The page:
The US non-farm payrolls increase of 209,000 was weighted towards hospitality and tourism, professional and business services, and health care. After declining earlier in the year, the unemployment rate (at 4.3%) has shown little movement in recent months, and the same is true of the labor force participation rate, which was unchanged at 62.9%. Employment gains have averaged 184,000 per month so far this year, close to the average monthly gain in 2016 (at 187,000), although over the last three months, job gains have averaged 195,000 per month. Other US economic statistics posted last week were mixed. The US ISM manufacturing PMI fell to 56.3 in July, from 57.8, almost in line with expectations for a fall to 56.4, which compared to Markit's US manufacturing PMI, which increased to 53.3 in July, vs. expectations of 53.2, up from 52.0 in June. Although one data series moved up, and one down, the overall story is a healthy one, not forgetting that manufacturing is estimated to account for about 12% of GDP, with services being much more important. Elsewhere, personal income in the US was flat in June, and up 1.4% year-on-year. Turning to the Personal Consumption Expenditure (PCE) price index for June - a measure of inflation - its headline price index was flat in June from the prior month, which was a second flat reading. Year-on-year the headline rate was +1.4%, now down four months in a row, and compared to last February’s +2.2% reading. Looking at the ‘core’ PCE price index (i.e. ex-food and energy) - and the preferred measure of inflation by the Fed – this increased by 1.5% year-on-year, unchanged from May, and down from 1.9% last February. These numbers are the ones that are frustrating for Janet Yellen and her colleagues (with their historic target of 2%) - less so for investors, as having inflation in place but at a low level is (a) good for bonds, which supports equities, and (b) allows for at least some pricing power on the part of business.
“Indian markets have waited for this cut in interest rates, and in time will expect more”
The Reserve Bank of India (RBI) lowered its central policy interest rate to a six-and-a-half-year low of 6% in the middle of last week, from 6.25%. The Indian rupee strengthened, closing at 63.5825 to the US dollar at the end of the week, essentially as the markets underlined that the RBI is doing a good job with its monetary policy management, and because it was in any case widely expected that official rates would be reduced. The fact that economic growth is lower than expected, as mentioned by the RBI, is of little concern to domestic and international investors, whose focus is on the medium-to-long term, and who want to see less interest rate pressure on business. The decision by the RBI’s Monetary Policy Committee was by a 4-to-2 margin. They cut the repo rate by 25 basis points, while otherwise keeping monetary policy in neutral. Inflation had fallen to a five-year low of 1.25% in the 12 months ending June. ‘Core’ inflation (excluding food and energy) was described by the RBI’s Governor, Mr Urijit Patel, as having fallen significantly over the past three months. Indian GDP grew by 6.1% in the January to March quarter, the slowest rate since late 2014, following the ‘demonetization’ shock in November last year, while the introduction of the Goods and Services Tax last month has had a disruptive effect on businesses as they try to get to grips with it, and the RBI noted a weakening of industrial performance between April and June in consumer durables and capital goods. The RBI saw fit to refer to “continuing retrenchment of capital formation in the economy”. They said they would be watching inflation carefully, adding that prices could rise sharply from August. The markets do appear to have their attention very much on the medium-to-long term.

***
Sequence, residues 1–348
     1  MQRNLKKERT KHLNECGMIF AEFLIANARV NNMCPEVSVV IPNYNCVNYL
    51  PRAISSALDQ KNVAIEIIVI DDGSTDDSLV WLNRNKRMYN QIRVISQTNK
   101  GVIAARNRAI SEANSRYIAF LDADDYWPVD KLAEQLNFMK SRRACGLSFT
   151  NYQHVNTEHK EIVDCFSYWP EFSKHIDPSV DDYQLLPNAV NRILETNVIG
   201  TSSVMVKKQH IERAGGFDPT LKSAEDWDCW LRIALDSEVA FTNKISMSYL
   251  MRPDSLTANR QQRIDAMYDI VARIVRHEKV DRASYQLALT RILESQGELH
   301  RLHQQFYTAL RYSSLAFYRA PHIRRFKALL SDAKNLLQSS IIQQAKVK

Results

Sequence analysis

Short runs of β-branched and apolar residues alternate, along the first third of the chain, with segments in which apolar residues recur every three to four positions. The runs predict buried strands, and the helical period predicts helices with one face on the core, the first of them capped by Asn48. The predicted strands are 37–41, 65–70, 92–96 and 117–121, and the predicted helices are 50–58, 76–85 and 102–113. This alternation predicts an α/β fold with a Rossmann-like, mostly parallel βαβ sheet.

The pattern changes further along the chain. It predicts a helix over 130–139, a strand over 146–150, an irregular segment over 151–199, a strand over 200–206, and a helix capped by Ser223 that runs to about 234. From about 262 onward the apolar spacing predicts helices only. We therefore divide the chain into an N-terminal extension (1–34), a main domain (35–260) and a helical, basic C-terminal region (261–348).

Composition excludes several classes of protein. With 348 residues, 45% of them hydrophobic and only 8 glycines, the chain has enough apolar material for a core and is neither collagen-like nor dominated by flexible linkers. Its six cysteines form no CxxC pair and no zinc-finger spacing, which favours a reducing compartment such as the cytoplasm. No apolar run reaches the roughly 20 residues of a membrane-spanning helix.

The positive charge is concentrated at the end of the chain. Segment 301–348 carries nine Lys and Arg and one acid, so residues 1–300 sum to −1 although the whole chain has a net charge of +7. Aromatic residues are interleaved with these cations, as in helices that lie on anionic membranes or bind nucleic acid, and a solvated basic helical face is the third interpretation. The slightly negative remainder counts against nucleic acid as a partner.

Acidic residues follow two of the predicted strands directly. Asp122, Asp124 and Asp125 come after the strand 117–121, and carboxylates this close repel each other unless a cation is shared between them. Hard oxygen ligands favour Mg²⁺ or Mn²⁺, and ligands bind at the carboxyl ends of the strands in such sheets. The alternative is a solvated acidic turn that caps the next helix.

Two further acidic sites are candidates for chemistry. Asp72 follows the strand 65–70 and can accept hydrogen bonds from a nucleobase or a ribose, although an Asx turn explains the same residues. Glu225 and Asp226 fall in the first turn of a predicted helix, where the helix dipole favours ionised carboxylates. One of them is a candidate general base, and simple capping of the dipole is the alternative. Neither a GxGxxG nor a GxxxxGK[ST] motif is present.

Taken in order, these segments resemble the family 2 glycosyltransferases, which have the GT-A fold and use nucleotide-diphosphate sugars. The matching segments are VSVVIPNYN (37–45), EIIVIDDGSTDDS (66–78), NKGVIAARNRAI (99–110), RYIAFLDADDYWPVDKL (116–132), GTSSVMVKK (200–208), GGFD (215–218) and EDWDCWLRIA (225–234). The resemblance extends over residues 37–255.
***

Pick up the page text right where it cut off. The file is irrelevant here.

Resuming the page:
“The Asset Allocation Committee last week closed half of the euro/dollar hedge”
INVESTMENT SUMMARY: Last week the Asset Allocation Committee decided to reduce the currency hedge on euro-denominated assets by 50%, suggesting a willingness to accept that the hedge on that small proportion of assets in the portfolio models (i.e. a view that the euro would underperform the US dollar) was being disproven. While the Committee has been correct in its overall ‘risk-on’ stance – in terms of being overweight in global equities – the stance on the US dollar has been too positive. While the euro/dollar looks a bit extended to the upside - just as the dollar more generally may have some short-term bounce-back potential – the Committee is actively re-assessing the whole issue in terms of the ‘big picture’. Investors will never get every aspect of asset allocation right, just as portfolio managers cannot always pick winners in stocks or bonds. At least Eurozone (ex-UK) equities had been over-weighted in the first place, partly on the basis that the asset class was fundamentally cheap, and globally under-owned.